Dairy farmers are being urged to prepare for the 2022 calving season now, by getting housing systems and feeding plans in place to maximise opportunities to get calves off to the best possible start.
During a recent CalfChat event hosted by Bonanza Calf Nutrition, just 19% of the farmers polled said they were “very happy’’ with performance in the 2021 calving season; 50% said it had gone to plan, but 31% described it as a “disaster’’.
Christine Cummins, of Bonanza Calf Nutrition, said that when looking ahead to a calving season, it is important to reflect back on last season, consider what worked, what didn’t work, and why.
“It is common to have things we want to improve upon from last year, but it is also common that we can forget the things we want to change or improve, by the time it comes around to the next season,’’ she said.
Six-week calving rate
An increase in the six-week calving rate on many farms could have resulted in individual calves not always getting a high level of attention; space may also have been an issue.
For the CalfChat participants, the most common area they aim to focus on ahead of next year is calving, and the first days of life. This is a very sensitive time for calves and also very time consuming for the labourer.
Housing conditions were flagged up as an area of concern by 26% of participants.
The critical importance of colostrum management was discussed too; this is something all participants were very familiar with, but less so was an awareness of transition milk.
Like colostrum, transition milk contains many antibodies which work locally within the gut; it has an abundance of components – bioactive factors – which build the efficiency of the gut and calf immunity.
With calves being born in rapid succession, older animals may need to move from fresh milk to a milk replacer quickly, to make room for new calves.
If feeding transition milk for a week or more is not practical, a transition milk replacer may be an option, according to Dr. Cummins.
Bonanza Calf Nutrition’s Transformula contains the bioactive ingredients a calf needs to get the right start.
With more than 70% of CalfChat participants indicating that they will feed milk replacer in the spring, Dr. Cummins said it is important to incorporate this into preparations for calving.
“Consider your feeding system, the age calves will go onto milk replacer and the challenges your calves have faced in the past,’’ she advised.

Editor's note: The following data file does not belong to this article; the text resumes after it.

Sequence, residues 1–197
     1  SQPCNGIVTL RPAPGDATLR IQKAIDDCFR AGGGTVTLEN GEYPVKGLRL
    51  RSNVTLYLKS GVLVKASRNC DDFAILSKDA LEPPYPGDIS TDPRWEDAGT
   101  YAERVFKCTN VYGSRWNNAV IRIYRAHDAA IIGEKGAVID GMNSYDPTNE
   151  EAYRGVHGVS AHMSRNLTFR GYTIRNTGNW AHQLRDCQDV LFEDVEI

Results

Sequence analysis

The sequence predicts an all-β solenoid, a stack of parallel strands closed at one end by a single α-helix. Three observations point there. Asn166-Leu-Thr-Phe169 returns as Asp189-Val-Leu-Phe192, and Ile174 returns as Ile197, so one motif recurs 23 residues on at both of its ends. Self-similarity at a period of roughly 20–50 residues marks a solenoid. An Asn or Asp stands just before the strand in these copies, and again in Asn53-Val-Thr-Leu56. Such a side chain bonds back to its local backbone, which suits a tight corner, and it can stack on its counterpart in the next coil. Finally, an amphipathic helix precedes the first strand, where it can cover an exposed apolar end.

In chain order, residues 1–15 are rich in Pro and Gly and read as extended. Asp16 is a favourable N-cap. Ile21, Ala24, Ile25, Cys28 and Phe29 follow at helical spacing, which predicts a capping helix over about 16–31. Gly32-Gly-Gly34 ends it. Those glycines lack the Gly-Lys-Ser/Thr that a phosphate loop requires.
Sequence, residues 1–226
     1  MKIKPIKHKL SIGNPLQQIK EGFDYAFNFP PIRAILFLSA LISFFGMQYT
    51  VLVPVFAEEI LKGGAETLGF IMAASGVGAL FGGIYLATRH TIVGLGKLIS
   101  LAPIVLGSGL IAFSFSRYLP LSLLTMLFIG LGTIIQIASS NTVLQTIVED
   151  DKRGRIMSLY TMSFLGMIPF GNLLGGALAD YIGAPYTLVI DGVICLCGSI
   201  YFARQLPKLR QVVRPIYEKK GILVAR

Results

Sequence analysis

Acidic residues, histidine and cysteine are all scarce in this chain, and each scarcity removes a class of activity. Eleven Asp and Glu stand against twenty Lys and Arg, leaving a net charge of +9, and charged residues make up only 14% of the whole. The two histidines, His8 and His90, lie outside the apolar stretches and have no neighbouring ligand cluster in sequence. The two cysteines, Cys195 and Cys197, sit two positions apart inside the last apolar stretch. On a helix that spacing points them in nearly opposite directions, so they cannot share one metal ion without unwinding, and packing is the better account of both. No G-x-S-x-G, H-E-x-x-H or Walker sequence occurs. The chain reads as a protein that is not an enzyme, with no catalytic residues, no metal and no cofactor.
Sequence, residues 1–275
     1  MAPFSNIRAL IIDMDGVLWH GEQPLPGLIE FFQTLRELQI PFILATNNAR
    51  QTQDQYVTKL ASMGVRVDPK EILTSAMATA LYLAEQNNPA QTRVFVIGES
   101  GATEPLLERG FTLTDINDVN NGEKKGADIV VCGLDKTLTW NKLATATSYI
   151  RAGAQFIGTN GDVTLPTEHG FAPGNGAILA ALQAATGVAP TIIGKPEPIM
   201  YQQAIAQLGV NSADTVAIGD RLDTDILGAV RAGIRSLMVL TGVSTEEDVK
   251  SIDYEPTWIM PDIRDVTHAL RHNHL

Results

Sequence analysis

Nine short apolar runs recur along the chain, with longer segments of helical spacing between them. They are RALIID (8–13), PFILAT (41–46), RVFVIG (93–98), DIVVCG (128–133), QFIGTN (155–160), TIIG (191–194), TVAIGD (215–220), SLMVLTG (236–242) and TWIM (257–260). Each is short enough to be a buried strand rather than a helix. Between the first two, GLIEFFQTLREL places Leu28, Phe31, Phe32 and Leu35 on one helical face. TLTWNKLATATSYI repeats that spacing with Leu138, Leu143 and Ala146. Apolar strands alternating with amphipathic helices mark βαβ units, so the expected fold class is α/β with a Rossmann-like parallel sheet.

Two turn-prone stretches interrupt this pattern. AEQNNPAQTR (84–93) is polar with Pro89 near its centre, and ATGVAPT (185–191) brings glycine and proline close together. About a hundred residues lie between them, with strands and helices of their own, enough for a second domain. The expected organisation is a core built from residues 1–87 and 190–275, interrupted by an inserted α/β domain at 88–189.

Ahead of spring 2022, price is a challenge, but 85% of CalfChat participants said this would not impact on their feeding choices.
“This is positive as the pre-weaning period is the time in which calves will be most efficient at converting their feed. A good milk feeding plan and digestible milk replacer type is fundamental,’’ Dr. Cummins said.
As well as considering feeding choices, farmers are also being advised to get other preparations done early.
Other simple tasks to consider around calving and the first days of life are to consider your housing/pens – are you using them as efficiently as possible?
Dr. Cummins asked: “When moving calves after birth, are you minimising the labour involved in that?”
Safe easy movement of calves can easily be sorted; using simple devices to minimise lifting is an important consideration to make things faster and easier on the body.
With colostrum management, consider installing a fridge, which can easily be purchased second-hand. Keeping stored colostrum cool will minimise bacterial growth and therefore help maximise the antibodies available to the newborn calf.
Timing of preparations
40% of CalfChat respondents waited until animals were housed or dried off before they prepared for calving, while 30% waited until Christmas.
That timing needs to be considered although it will not necessarily be the same every year, Dr. Cummins added.
“It all depends on the work that needs to be done but even the bare minimum can take quite some time,’’ she said.
For 58% of CalfChat respondents, cleaning and disinfection pre-calving was all that was needed.
“This is a great position to be in but be sure to have a look around to make sure everything is still working, including all the equipment that will be used,’’ Dr. Cummins recommends.
Assess equipment and repair or change as needed. Almost 20% of respondents still have building or installations to carry out ahead of calving.
“If you are waiting for builders or any installations to be carried out, you can still carry out all the other tasks to have some of that ready to go, things such as choosing feed and planning what needs to be purchased like bottles and teats,’’ Dr. Cummins added.
Watch out on CalfChat for the next event on Thursday, December 9, 2021, at 8:00p.m.
For more information on Bonanza calf nutrition, click here.